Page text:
Judith Fradin, Evanston authorRoundTable photo

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Like so many authors these days, Judith Fradin works hard to build her books into a brand. For example, she often refers her work as “Fradin Books” and, when online, directs readers to her email address to get “Fradinformation.”

Readers can always count on a Fradin Book to be “accurate and engaging,” she said, adding, “If you find the right project, and can do the research, [non-fiction] is an almost endless mine of great ideas.”

Ms. Fradin, who lives on Evanston’s southwest side, has published more than 150 children’s and young adult non-fiction books, most with her late husband, Dennis Fradin, who died in 2012. Among their works are “The Price of Freedom: How One Town Stood Up to Slavery” (2013); “The Power of One: Daisy Bates and the Little Rock Nine” (2004); and “Ida B. Wells: Mother of the Civil Rights Movement” (2000).

One of their final books written together, “Stolen From Slavery: The True Story of Solomon Northrup, Free Black Man” (2012), adapts the story told in the 1853 memoir “Twelve Years a Slave,” which was also adapted into a film last year, for young readers.

“Dennis first learned of the story, and started writing about it, in 1998,” Ms. Fradin explained. “Then, about six years ago, I began putting pressure on him to actually do the book. When he was sick, it was one of the things that kept him going in his head. The book came out at about just the time he died,” Ms. Fradin said.

She and Mr. Fradin cultivated an interest in African American-related subjects back when they were both teaching in Chicago inner-city schools in the 1960s. Both were bothered by what was then a paucity of literature for young people about black history.

“The books we used were pitiful,” Ms. Fradin said. “Dennis would go every weekend, or every other weekend, to the Northwestern library and research famous African Americans,” Ms. Fradin said. “There he found two shelves of slave-escape stories. He saw a gold mine there.”

After that, the Fradins “sort of amassed this field of knowledge,” she added. “What we did better than most others is we ‘fanned out’ from the main stories. For example, we might concentrate more on what life was like on a ship as slaves were being transported to the States.”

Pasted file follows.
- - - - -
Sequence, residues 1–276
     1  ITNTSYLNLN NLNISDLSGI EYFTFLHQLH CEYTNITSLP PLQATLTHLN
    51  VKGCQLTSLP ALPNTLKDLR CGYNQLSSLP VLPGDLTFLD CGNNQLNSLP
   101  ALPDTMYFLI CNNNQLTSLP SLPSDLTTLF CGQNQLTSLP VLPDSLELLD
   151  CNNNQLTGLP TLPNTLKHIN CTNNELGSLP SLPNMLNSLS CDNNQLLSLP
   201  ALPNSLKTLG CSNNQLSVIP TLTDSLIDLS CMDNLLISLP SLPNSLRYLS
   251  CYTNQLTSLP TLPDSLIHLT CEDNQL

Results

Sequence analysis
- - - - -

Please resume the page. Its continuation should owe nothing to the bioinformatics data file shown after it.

The couple branched out into other fields of interest as well; one of Ms. Fradin’s favorite subjects to write about is natural disasters. In 2011, she and Mr. Fradin put out “Tornado! The Story Behind These Twisting, Turning, Spinning, and Spiraling Storms” through the National Geographic Kids line.

“I love meteorology,” said Ms. Fradin, who also co-wrote books about volcanoes, hurricanes and earthquakes. “I’ve been a Tom Skilling groupie forever.”

She is just about to begin researching her next book. She was reluctant, she said, to disclose its subject however, given the peculiarities of her segment of the publishing industry. “Non-fiction is a very cannibalistic process,” Ms. Fradin said.

Each of the couple’s books had the “Fradin/Fradin” moniker affixed to its spine, and she said that her books will continue to carry that label, even as she continues their work on her own.

“I learned at my husband’s feet,” Ms. Fradin said. Her curiosity and spontaneity was perfectly counter-balanced by his focus and attention to details. “It was like he had horse-blinders on.”

She tries to impart her enthusiasm for non-fiction literature whenever she teaches. Ms. Fradin has been an instructor at National-Louis University and occasionally visits public schools to talk about research and writing. She admitted that fostering an enthusiasm for research and library visits can be a challenge in the age of the Internet.

“I say to them, ‘Wikipedia is a whole other animal, like a diving board – you go bounce, bounce, bounce, on there, and then dive into the larger pool of research,” said Ms. Fradin.